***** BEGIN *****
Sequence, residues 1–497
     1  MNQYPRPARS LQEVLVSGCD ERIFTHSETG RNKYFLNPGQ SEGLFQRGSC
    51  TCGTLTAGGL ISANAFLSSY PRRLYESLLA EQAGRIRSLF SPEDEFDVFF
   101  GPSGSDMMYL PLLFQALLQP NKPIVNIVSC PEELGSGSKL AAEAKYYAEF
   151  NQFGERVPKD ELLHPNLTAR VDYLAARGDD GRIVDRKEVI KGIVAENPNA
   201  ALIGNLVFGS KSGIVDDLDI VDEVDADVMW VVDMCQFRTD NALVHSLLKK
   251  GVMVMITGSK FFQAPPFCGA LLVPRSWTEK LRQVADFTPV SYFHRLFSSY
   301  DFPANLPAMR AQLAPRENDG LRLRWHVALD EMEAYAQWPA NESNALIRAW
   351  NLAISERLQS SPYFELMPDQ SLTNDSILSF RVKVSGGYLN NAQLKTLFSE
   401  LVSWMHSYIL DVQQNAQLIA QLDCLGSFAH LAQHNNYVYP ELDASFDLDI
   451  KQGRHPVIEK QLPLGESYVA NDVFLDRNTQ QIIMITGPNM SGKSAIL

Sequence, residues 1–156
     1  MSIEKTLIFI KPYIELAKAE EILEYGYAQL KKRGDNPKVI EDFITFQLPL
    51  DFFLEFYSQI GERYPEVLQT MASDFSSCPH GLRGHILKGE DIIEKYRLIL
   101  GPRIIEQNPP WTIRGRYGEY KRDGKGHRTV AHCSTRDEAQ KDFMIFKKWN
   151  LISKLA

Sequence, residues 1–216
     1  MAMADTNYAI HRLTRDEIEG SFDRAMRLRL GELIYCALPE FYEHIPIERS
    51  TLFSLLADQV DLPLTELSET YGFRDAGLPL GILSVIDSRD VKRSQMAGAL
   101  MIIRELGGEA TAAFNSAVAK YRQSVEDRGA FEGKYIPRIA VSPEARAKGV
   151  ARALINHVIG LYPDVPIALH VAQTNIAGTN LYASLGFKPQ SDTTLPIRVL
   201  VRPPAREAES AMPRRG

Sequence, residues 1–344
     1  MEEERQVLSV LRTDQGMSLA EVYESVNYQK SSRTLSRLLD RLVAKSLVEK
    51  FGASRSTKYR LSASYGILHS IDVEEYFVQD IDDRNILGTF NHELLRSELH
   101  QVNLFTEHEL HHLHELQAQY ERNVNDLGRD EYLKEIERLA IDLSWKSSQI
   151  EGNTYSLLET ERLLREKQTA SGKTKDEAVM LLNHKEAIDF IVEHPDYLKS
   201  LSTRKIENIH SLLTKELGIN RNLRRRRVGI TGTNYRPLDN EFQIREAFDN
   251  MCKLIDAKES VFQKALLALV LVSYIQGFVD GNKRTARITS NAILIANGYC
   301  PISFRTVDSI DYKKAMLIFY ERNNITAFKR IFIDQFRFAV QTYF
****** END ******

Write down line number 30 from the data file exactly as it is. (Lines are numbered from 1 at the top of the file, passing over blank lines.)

   301  PISFRTVDSI DYKKAMLIFY ERNNITAFKR IFIDQFRFAV QTYF